While many are shopping for holiday gifts, tasty treats and planning festive family and friend events, there are those who cannot enjoy the atmosphere of celebration because their thoughts and feelings dwell on who will not be at the party or dinner and how much they will miss them. In the over thirty two years I have been working as a counselor in private practice with a specialty in illness and loss, I have seen the powerful emotions and physical reactions that people of all ages, ethnic backgrounds, and socio economic status can experience as they face the holidays without a loved one who has died.
There are many variables that influence a person’s grief reactions. One important element is how recent was the loss? The first year is very hard as people face special events such as holidays, birthdays and anniversaries for the first time without their loved one. As the years go on and people create a history of surviving without the lost one, there often is a softening of the emotional pain and a new reality is created that includes happy memories of the person who died. We never forget the loved one no matter how long ago he or she died. There are some exceptions for those who get stuck in the grieving process and each year feels as though the loss just happened yesterday, including all of the early grief responses. We have learned that a person who feels this way after many years of grieving, is experiencing a complicated grief reaction and may need some professional help to heal.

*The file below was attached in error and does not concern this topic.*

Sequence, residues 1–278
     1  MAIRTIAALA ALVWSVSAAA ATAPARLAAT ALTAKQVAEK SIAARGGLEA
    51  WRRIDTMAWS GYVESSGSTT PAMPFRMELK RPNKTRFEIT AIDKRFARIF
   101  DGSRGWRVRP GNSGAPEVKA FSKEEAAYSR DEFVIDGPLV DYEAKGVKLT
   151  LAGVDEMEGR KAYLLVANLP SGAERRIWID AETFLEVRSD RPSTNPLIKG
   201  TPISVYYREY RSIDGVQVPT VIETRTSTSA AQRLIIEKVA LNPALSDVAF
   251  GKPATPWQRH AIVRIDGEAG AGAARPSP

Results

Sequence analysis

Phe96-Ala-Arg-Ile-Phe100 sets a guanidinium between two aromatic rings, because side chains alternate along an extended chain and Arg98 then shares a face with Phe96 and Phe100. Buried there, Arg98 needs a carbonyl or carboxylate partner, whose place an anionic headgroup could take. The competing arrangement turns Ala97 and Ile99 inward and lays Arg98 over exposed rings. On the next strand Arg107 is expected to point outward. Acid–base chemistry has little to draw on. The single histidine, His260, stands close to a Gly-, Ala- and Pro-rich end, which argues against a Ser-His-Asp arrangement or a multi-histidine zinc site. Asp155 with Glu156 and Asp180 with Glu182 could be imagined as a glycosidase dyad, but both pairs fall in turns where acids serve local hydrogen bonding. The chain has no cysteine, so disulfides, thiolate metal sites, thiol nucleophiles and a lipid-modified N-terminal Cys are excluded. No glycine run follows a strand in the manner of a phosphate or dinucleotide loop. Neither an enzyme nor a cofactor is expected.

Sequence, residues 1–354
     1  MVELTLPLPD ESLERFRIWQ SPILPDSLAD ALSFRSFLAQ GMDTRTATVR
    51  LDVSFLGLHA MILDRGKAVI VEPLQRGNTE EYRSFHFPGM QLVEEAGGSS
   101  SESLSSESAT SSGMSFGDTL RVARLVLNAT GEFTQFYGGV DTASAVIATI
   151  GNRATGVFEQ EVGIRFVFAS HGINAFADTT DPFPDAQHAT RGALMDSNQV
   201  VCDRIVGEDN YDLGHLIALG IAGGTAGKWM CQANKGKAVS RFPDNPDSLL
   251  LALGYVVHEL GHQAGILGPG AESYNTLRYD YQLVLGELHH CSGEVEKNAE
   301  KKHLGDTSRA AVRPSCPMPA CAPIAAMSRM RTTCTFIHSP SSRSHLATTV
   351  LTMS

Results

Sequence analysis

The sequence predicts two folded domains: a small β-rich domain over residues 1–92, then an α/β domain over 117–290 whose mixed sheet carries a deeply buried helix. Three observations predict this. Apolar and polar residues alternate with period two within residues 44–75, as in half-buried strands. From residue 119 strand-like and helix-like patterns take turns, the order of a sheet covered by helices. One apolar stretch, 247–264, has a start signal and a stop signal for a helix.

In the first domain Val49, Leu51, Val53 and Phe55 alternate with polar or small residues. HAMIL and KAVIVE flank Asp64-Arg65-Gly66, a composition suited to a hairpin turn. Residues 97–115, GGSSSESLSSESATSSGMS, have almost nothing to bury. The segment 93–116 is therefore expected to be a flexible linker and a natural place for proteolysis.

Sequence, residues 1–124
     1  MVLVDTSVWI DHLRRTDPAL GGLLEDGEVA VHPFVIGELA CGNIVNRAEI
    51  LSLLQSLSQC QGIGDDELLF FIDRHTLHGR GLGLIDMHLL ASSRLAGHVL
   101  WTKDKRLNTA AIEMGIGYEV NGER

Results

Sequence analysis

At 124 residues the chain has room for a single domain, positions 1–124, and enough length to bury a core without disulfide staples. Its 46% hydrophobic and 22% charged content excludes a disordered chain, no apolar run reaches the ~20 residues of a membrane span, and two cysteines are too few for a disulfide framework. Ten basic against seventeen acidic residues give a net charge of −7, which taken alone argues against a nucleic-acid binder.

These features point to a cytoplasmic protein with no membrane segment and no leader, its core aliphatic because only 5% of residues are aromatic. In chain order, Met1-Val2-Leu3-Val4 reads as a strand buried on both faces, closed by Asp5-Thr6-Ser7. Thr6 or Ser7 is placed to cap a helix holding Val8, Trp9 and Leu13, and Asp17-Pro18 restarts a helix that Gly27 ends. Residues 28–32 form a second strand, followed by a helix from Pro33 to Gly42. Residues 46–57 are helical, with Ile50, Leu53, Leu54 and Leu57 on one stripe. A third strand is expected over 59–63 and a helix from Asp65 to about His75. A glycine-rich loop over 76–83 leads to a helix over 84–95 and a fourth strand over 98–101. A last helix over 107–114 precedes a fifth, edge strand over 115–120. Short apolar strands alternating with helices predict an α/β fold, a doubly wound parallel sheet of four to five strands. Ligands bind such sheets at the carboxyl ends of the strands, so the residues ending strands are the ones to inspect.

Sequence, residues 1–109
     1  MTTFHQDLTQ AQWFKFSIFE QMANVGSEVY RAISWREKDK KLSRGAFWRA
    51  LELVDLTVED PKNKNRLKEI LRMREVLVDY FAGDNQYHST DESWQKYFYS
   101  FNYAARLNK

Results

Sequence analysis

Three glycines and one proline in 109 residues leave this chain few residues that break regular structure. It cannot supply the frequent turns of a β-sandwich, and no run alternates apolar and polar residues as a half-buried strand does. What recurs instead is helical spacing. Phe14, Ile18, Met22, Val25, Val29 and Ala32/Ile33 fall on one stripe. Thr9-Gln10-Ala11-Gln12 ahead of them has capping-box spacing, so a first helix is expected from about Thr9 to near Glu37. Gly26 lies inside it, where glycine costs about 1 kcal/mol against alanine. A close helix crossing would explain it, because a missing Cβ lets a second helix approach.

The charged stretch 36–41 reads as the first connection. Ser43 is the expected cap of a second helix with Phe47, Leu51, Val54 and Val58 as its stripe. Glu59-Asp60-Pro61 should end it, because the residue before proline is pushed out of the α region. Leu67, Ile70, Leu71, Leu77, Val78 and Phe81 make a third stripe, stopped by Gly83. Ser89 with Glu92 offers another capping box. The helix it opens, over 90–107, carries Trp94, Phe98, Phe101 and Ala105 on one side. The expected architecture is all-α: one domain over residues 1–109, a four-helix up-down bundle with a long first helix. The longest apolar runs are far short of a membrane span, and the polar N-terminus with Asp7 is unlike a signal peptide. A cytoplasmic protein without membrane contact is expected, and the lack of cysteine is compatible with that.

The age and sex of the griever are other variables in the grieving process. We know that infants feel loss and may respond with loss of appetite, sleeplessness, irritableness, and regressive behavior. Young children up to the age of about six may feel bewildered and abandoned and expect the person who died to re-appear as if by magic. After about six, children can understand the permanence of death and sometimes feel responsible. Children often think they are the center of the universe and something they did or didn’t do caused the person to die. Teens can turn inward or immerse themselves in their peers or their electronic devices i.e. cell phones or computers. Some adults want to talk about their feelings of loss while others chose to grieve privately. Very often women feel more comfortable expressing their emotions, while men tend to feel they must stay in control and continue to function despite the sadness they feel. No one grieving style is correct and we all must learn to appreciate and respect our own and that of others.
I, and my husband Bob, have been leading bereavement groups for over twenty-seven years and invariably the question of what to do over the holidays when one doesn’t feel in the mood or have the energy to create or attend traditional events is brought up. Our answer, as with may grieving questions is, there is no one answer for all and one must make decisions based on what will work the best for them and those around them at this time. For some, creating traditional holidays is comforting, while others need to find a new tradition such as taking a trip to a new place and making new memories. Some people leave an empty chair to honor the person they lost, give a toast and share memories. This can help acknowledge the importance of those who are not with us in body any longer. Whatever one decides to do for the holidays, remember to be gentle with yourself and others healing from a loss. The most important holiday gift is compassion and love.
GIERS provides a no cost monthly bereavement group called The Mourning After. It meets the first Friday of each month at Center Playhouse, 35 South Street in Freehold from 11:30 AM – 1:00 PM. New attendees should call in advance. In addition GIERS also has a no cost Grief Help Line. If members of the community have questions or concerns they can call 732-577-1076, leave a message, and receive a callback from either my husband, Bob Szita, MS, LPC or myself.